As cit­i­zens we must chal­lenge un­con­sti­tu­tional ac­tions on both le­gal and moral grounds. The le­gal ar­gu­ment is clear, the Con­sti­tu­tion is non-ne­go­tiable. Of course, we can amend the Con­sti­tu­tion to re­move the re­quire­ments for gen­der equal­ity but as long as they ex­ist, then any le­git­i­mate leader must abide by them. As cit­i­zens, our chal­lenge to il­le­gal­ity should be driven by two things: Pa­tri­o­tism, which I de­fine as be­lief and ad­her­ence to the sem­i­nal doc­u­ment of Kenya the Con­sti­tu­tion 2010, and self-in­ter­est. When we pro­tect the Con­sti­tu­tion, as is our re­spon­si­bil­ity un­der Ar­ti­cle 3, we are safe­guard­ing our own in­ter­ests as well as those of oth­ers.


Re­sist il­le­git­i­mate lead­er­ship

I find the Pres­i­dent’s ac­tions par­tic­u­larly ob­jec­tion­able since they im­plic­itly as­sert that women are not as able lead­ers and as a class of cit­i­zens whose pri­mary role is to fol­low. But un­der­ly­ing the ex­clu­sion of women in Cab­i­net, the big­ger is­sue with the Pres­i­dent’s ap­point­ments is that he is un­will­ing to see him­self as also a ci­ti­zen. By act­ing out­side the Con­sti­tu­tion and re­fus­ing to ex­er­cise au­thor­ity within its lim­its, he is as­sert­ing him­self above the peo­ple of Kenya, to whom all sov­er­eign power be­longs, cre­at­ing a new class of ci­ti­zen. More than a fail­ure of lead­er­ship, the Pres­i­dent’s ac­tions de­fine him as an il­le­git­i­mate leader.

As cit­i­zens we have a moral obli­ga­tion to re­sist il­le­git­i­mate lead­er­ship. What are

the im­pli­ca­tions if we do not? There are at least three that should be of sig­nif­i­cant con­cern. First, we es­tab­lish prece­dent for the vi­o­la­tion of the Con­sti­tu­tion by those in power/au­thor­ity. This in turn creates an in­cen­tive to ac­quire au­thor­ity by any means nec­es­sary since it gives you un­lim­ited power. As we ap­proach elec­tions, we are al­ready start­ing to see signs of this win at all costs po­si­tion­ing from both Ju­bilee and Cord. When we al­low the Con­sti­tu­tion to be vi­o­lated and se­lec­tively ap­plied, we open a Pandora’s Box. We al­low all cit­i­zens to choose what laws to fol­low and which ones to ig­nore. I don’t be­lieve this was the Pres­i­dent’s in­ten­tion; he doesn’t think reg­u­lar Kenyan cit­i­zens should have a choice about which laws to fol­low or not, he thinks that that pre­rog­a­tive is his and his alone. That is a de­fi­ciency of char­ac­ter that should con­cern us in a Pres­i­dent. It is both legally and morally un­sound.

Bro­ken his prom­ises

Se­cond, we de­fine our­selves as out­side the Com­mon­wealth of Na­tions. The Pres­i­dent spent much of 2015 boast­ing about the Kenya Con­sti­tu­tion’s pro­tec­tions of women and promis­ing to safe­guard them from his speech at the Women in Par­lia­ment Con­fer­ence in March 2015 to the Global lead­ers Meet­ing on Gen­der in Septem­ber 2015. How­ever, when he had an op­por­tu­nity to demon­strate his com­mit­ment he acted con­trary to the Con­sti­tu­tion, his cam­paign prom­ises as cap­tured in the Ju­bilee Man­i­festo and his pro­nounce­ments on the global stage.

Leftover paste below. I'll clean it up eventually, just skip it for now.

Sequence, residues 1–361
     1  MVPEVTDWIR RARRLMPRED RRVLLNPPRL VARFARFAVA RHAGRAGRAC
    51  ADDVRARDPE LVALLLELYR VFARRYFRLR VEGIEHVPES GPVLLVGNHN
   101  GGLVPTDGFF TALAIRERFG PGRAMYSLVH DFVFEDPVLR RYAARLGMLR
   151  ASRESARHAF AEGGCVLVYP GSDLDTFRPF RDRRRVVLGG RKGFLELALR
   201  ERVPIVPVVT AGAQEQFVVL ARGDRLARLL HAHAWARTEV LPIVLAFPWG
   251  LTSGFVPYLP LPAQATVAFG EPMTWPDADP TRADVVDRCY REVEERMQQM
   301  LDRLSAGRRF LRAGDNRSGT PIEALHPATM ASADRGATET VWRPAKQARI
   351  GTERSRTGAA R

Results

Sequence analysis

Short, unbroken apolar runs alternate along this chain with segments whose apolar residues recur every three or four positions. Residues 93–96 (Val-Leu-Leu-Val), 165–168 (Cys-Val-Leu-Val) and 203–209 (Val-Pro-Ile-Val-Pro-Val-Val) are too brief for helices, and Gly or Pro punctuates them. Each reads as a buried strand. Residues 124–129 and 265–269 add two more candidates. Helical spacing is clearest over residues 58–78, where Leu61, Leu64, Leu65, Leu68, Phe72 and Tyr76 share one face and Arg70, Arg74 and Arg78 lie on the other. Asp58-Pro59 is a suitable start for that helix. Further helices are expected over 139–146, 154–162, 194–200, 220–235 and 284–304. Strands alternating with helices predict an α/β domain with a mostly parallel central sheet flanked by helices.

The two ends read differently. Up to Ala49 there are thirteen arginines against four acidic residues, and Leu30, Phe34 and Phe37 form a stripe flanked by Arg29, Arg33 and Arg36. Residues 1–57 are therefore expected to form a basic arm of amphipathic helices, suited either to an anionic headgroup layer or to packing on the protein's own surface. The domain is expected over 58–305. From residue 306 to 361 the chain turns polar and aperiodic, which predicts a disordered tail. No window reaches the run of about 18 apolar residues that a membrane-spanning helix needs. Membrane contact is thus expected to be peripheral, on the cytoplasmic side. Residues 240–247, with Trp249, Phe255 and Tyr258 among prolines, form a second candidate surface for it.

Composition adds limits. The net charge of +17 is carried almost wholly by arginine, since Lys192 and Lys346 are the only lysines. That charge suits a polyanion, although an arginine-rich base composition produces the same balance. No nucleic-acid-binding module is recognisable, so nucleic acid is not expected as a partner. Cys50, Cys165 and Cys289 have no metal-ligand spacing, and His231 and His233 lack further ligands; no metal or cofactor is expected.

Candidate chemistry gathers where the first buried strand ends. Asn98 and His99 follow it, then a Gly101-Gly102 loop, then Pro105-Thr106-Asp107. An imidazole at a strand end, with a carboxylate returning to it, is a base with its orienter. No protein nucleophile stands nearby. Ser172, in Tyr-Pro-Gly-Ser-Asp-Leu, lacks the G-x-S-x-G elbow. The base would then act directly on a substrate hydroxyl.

To put this is­sue into broader per­spec­tive, Kenya is last in the EAC in terms of women’s political rep­re­sen­ta­tion. Our neigh­bour Rwanda leads the world. Women’s equal­ity and lead­er­ship is no longer a for­eign western idea, it is an African re­al­ity. When we chose to dis­re­gard laws on gen­der equal­ity and deny women lead­er­ship, we are choos­ing to look back to the 19th Cen­tury and be­yond and deny­ing the re­al­i­ties of the 21st Cen­tury. This is the cen­tury we need re­alise Africa’s la­tent po­ten­tial and pos­si­bil­i­ties, but Kenya will be left be­hind if our lead­er­ship con­tin­ues to de­fine it­self out­side of the Con­sti­tu­tion and out of step with the global re­al­i­ties.

Fi­nally, and most dan­ger­ous, we re­verse the gains from the post 2007-8 pe­riod where we chose as a na­tion to seek to cre­ate lim­i­ta­tions of power on au­thor­ity for our col­lec­tive good and con­firmed our com­mit­ment through en­act­ment and pro­mul­ga­tion of the Con­sti­tu­tion of Kenya 2010. In a nut­shell, none of the con­se­quences of Pres­i­dent Keny­atta’s vi­o­la­tion of the Con­sti­tu­tion are good for the cit­i­zens or for the na­tion. Kenyans must refuse to un­ravel the in­tri­cate tapestry that binds us as a na­tion: the Con­sti­tu­tion of Kenya 2010. We must guard firmly against any and all vi­o­la­tions of the Con­sti­tu­tion, in­clud­ing and es­pe­cially when th­ese vi­o­la­tions are per­pe­trated by the Pres­i­dency. When the Pres­i­dent took his oath of of­fice, he ac­cepted to be bound by the Con­sti­tu­tion; be­yond the law, he has a moral and eth­i­cal duty to keep his word.

At last year’s Mashu­jaa Day Speech, the Pres­i­dent spoke about pa­tri­o­tism and I agree that this is some­thing we must work harder to nur­ture and pro­mote, but the Pres­i­dent must be re­minded he does not de­fine pa­tri­o­tism.

The high­est demon­stra­tion of pa­tri­o­tism is re­spect for the Con­sti­tu­tion, in­clud­ing our na­tional val­ues and prin­ci­ples which are pro­vided in Ar­ti­cle 10. Keny­atta should heed his own ad­vice. We are wait­ing to see him demon­strate the pa­tri­otic, char­ac­ter driven lead­er­ship that Kenya de­serves and it starts with strict ad­her­ence to the Con­sti­tu­tion.

Writer is a lawyer and en­tre­pre­neur


Pres­i­dent Uhuru with his first Cab­i­net.